1994 – Kenya
The ICC Trophy 1994 offered, for the first time, three teams (the two finalists and the winner of the 3rd/4th place play-off) a chance to qualify for the next edition of the ICC CWC.

The Netherlands beat Bermuda by 103 runs in the play-off, while the United Arab Emirates beat host Kenya by two wickets in a nail-biting final in Nairobi. As a result, the UAE, Kenya and the Netherlands qualified for the ICC CWC 1996 in Pakistan, India and Sri Lanka.

Veteran Nolan Clarke of the Netherlands created history by once again topping the scoring charts (just as he had done in 1990), with 517 runs from nine matches at an average of 86.16 and with three centuries to his name.

Gavin Murgatroyd of Namibia and Fred Arua of Papua New Guinea were the joint-highest wicket-takers, with 19 scalps each.

1997 – Malaysia
The 1997 ICC Trophy in Malaysia threw up another new winner in the form of Bangladesh, which beat Kenya by two wickets (by the Duckworth-Lewis method) in the final.

Scotland beat Ireland in the 3rd/4th place play-off to take the only other qualifying spot up for grabs through this tournament to the ICC CWC 1999 in England.

Current Kenya player and coach Steve Tikolo smashed 147 runs off 152 balls in a losing cause in the final, while his skipper then, Maurice Odumbe, was named the Player of the Series for scoring the most runs (493 from 10 matches at an average of 98.60).

Kenya’s Asif Karim, Bangladesh’s Mohammad Rafique and the Netherlands’ Asim Khan were the join highest wicket-takers, with 19 wickets apiece.

2001 – Canada
In the 2001 ICC Trophy in Canada, the trend of throwing up new champions continued. The Netherlands beat Namibia by two wickets, in what proved to be a dramatic final in Toronto that was decided by three runs that were scampered following a misfield off the very last ball.

Canada stunned Scotland to take the third spot up for grabs at the ICC CWC 2003 in South Africa, Zimbabwe and Kenya.

Daniel Keulder of Namibia was the tournament’s leading run-scorer with 366 from nine matches at an average of 45.75.

Denmark’s Soren Vestergaard and the Netherlands’ Roland Lefebvre were the highest wicket-takers, with 20 victims each. Lefebvre was also the Player of the Series.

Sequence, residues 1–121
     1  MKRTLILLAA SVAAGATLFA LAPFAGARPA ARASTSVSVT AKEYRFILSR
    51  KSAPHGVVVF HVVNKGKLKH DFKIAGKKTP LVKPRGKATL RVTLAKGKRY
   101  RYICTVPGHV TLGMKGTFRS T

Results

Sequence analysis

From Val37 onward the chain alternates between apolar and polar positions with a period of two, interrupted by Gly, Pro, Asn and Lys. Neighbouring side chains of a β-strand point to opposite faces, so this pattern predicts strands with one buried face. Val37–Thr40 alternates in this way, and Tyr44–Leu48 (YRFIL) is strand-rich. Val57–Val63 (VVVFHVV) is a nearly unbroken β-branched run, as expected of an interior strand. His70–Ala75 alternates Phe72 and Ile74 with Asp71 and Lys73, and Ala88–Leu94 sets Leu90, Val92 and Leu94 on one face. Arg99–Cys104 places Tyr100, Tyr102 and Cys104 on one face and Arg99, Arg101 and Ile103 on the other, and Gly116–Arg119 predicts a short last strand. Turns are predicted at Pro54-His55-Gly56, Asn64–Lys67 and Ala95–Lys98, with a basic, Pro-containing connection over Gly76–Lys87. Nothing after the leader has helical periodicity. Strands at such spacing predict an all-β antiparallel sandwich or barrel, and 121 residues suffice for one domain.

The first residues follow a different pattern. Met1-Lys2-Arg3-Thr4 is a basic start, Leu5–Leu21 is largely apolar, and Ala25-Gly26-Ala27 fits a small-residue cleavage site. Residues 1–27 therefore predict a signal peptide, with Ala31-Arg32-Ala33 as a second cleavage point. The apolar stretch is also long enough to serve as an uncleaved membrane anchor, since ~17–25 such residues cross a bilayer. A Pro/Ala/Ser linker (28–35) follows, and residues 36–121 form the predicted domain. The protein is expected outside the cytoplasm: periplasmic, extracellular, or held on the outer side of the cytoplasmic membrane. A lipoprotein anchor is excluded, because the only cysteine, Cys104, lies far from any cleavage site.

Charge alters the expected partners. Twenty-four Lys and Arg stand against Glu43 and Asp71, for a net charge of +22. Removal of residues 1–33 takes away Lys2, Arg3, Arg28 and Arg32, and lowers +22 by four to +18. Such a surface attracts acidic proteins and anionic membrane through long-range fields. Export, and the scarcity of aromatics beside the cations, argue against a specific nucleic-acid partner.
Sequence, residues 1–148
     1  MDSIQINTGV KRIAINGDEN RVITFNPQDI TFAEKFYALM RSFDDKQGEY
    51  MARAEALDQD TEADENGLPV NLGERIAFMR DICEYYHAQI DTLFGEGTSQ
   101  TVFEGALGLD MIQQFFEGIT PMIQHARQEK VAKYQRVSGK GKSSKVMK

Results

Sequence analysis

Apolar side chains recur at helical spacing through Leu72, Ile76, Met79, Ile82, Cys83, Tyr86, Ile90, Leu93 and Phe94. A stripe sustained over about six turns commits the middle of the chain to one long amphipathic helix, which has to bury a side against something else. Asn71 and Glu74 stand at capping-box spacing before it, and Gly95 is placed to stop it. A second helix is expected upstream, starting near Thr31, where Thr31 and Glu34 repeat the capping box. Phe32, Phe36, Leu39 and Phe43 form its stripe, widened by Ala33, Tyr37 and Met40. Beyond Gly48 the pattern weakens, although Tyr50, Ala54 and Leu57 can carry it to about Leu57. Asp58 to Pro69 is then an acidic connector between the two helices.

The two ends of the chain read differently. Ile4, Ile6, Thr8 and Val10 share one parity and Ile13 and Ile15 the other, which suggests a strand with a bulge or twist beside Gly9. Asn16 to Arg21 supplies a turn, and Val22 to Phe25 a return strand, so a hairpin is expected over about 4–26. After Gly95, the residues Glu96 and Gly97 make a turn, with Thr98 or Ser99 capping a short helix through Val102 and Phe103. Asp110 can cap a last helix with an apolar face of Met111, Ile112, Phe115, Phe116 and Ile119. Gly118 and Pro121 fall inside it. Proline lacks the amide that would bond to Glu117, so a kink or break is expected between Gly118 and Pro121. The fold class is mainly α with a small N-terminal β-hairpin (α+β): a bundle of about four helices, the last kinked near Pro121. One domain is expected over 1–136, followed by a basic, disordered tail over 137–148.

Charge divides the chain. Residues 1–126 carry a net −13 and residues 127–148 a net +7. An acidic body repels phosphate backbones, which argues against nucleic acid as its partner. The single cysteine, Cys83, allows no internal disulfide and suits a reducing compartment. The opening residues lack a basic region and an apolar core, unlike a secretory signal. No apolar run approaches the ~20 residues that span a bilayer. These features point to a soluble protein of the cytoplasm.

2005 – Ireland
In 2005, Ireland hosted the ICC Trophy, but was beaten by 47 runs in the final by Scotland.

This edition offered a chance for the most number of teams (the top five finishers) to qualify for the ICC CWC 2007. Apart from Scotland and Ireland, Bermuda, Canada and the Netherlands booked their places for the ICC CWC 2007.

Bas Zuiderent of the Netherlands finished on top of the batting charts, with 474 runs from seven matches at an average of 118.50.

Paul Hoffmann of Scotland and Edgar Schiferli of the Netherlands were the joint-highest wicket-takers, with 17 wickets each to their name.

2009 – South Africa
In 2009, the ICC Trophy was renamed the ICC Cricket World Cup Qualifier, and was played in South Africa as the final event of the ICC World Cricket League 2007-09.

The tournament offered the top four finishers a place in the ICC CWC 2011 in India, Sri Lanka and Bangladesh. The top four after the Super Eight stage – Ireland, Canada, Kenya and the Netherlands – qualified for the ICC CWC 2011.

In the final, Ireland comprehensively beat Canada by nine wickets to claim its first ICC CWCQ title.

David Hemp of Bermuda was the tournament’s leading run-getter with 557 runs, while Edgar Schiferli of the Netherlands was the leading wicket-taker with 24 to his name.

Year                Host                            Winner                                   Runner-Up
1979                England                       Sri Lanka                                 Canada
1982                England                       Zimbabwe                               Bermuda
1986                England                       Zimbabwe                               Netherlands
1990                Netherlands                 Zimbabwe                               Netherlands
1994                Kenya                          United Arab Emirates             Kenya
1997                Malaysia                      Bangladesh                             Kenya
2001                Canada                        Netherlands                             Namibia
2005                Ireland                         Scotland                                  Ireland
2009                South Africa               Ireland                                     Canada